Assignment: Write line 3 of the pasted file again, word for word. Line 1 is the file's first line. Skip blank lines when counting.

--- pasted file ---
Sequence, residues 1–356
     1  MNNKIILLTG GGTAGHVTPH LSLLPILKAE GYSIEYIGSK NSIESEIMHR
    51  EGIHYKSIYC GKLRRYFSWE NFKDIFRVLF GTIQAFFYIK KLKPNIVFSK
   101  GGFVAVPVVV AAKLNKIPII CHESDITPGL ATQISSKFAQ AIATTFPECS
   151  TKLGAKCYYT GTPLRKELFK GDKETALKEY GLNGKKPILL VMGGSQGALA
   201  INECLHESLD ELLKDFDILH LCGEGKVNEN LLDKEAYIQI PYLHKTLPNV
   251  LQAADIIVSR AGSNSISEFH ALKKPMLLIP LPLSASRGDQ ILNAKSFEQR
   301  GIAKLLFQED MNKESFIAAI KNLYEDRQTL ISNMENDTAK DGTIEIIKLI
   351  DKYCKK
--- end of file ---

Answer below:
    51  EGIHYKSIYC GKLRRYFSWE NFKDIFRVLF GTIQAFFYIK KLKPNIVFSK